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Men's Depression is Different

Charlie Martin here at PJM has a good piece on depression and men. In particular, he discusses the recent suicide of Bob Owens, a gun blogger who recently killed himself:

We lost one this week. Bob Owens, long time blogger and friend of many here at PJ Media, got to that point. He left an apology on Facebook, drove away from his home, and killed himself. I'm sure in those last minutes he was thinking that the pain was too much and that his family would be better off. It was an act of mercy and he wouldn't really be missed.

Of course, he will be. His family will feel it. His two daughters will grow up with their father's death as a backdrop of the rest of their lives. His wife will feel guilt, anger, grief, and shame. His friends, his associates, everyone who read his blogs, will know there's a hole there that can't easily be filled.

Charlie astutely mentions the unique symptoms when it comes to depression in men:

It isn't a feeling of sadness. You're irritable, irascible, short-tempered. Often, you feel unusually tired, often achy -- it feels like you have a bit of a cold, or maybe the flu. You're not hungry, or you're hungry but nothing tastes good, nothing is appealing.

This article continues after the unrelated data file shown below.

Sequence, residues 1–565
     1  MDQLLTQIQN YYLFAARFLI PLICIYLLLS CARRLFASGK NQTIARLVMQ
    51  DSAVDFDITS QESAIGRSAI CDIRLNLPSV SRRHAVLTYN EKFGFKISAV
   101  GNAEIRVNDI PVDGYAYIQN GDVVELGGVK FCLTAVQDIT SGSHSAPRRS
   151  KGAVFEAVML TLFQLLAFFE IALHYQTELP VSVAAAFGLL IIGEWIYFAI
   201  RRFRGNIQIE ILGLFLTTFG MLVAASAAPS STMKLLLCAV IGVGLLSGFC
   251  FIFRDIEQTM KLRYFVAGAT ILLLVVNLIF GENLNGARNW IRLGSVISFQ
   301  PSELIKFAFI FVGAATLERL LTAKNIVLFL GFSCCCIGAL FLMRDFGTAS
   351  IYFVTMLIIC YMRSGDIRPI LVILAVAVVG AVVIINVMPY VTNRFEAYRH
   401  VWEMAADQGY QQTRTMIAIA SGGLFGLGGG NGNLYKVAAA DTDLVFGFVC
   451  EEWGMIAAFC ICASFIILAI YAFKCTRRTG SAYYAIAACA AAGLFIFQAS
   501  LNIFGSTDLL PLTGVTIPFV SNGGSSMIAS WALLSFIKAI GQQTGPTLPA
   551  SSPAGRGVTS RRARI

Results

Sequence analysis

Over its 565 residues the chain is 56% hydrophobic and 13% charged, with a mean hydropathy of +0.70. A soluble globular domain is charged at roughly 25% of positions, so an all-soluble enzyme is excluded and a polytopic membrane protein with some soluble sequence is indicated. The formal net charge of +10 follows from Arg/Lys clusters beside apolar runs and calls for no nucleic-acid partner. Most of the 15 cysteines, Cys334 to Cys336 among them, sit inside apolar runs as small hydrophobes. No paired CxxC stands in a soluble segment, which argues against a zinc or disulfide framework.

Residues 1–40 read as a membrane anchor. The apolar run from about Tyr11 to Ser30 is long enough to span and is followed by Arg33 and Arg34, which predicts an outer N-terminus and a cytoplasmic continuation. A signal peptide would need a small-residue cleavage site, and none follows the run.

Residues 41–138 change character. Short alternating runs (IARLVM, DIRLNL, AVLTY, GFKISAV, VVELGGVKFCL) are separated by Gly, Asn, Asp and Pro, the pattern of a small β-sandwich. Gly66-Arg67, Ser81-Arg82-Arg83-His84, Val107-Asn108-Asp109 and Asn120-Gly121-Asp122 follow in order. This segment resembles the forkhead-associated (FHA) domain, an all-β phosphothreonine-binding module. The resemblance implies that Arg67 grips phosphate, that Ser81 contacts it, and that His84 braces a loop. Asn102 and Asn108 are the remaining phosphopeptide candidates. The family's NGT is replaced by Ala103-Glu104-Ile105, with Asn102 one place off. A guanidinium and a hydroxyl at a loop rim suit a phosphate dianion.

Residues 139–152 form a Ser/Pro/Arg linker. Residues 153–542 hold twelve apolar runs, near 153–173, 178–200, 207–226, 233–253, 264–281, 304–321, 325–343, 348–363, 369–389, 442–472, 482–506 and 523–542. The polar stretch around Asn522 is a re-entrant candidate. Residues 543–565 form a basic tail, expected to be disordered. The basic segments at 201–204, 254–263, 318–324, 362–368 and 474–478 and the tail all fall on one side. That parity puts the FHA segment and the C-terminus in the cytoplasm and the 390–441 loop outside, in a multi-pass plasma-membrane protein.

You start having trouble sleeping. Either you can't get to sleep, or you get to sleep but wake up at 3 a.m., and can't get back to sleep. Either way, you lie awake, and your thoughts start going to dark places -- replaying humiliations from your past, or fantasizing trouble in your future.

When I heard about Bob Owens, I was heartbroken. Because as a psychologist, I know how much pain this man must have felt to have killed himself when he had two beautiful daughters. I have listened to men talk about these painful feelings for years, and I know that there is a good chance that some men will decide to do something differently than take their own life in the end. Some will not. What makes the difference? Someone who notices, cares and combats the distorted thoughts with the right words, therapy or both. Sometimes a difference can be made by changing an aspect of a person's life in one area or helping others to understand what a depressed boy or man looks like, or feels like.

One client I had was a young man who was extremely depressed. His tests showed his depression at over the 90th percentile but the teachers at his school had no idea. They thought that depressed people sat home and ate chocolate or seemed sad, not irritable and ill-natured like this kid. I explained to them the symptoms of male depression and it helped them understand that irritability, anger and defensiveness were part of this kids's depression. Once they understood what to watch for in this teen, we were able to work as a team with the school, his family and peers to help him to decrease his depression which in turn led to less anger and irritability and more success in school and at home.